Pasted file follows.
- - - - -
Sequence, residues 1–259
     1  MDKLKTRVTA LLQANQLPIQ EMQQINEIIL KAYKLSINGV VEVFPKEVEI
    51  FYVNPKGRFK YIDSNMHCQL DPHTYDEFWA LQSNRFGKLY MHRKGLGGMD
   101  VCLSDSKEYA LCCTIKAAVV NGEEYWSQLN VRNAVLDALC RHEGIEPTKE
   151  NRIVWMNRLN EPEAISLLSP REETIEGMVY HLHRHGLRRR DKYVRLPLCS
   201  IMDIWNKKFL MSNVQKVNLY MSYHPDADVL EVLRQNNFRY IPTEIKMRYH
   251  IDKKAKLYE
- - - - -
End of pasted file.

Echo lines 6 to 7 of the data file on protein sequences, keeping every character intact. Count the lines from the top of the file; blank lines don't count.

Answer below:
   201  IMDIWNKKFL MSNVQKVNLY MSYHPDADVL EVLRQNNFRY IPTEIKMRYH
   251  IDKKAKLYE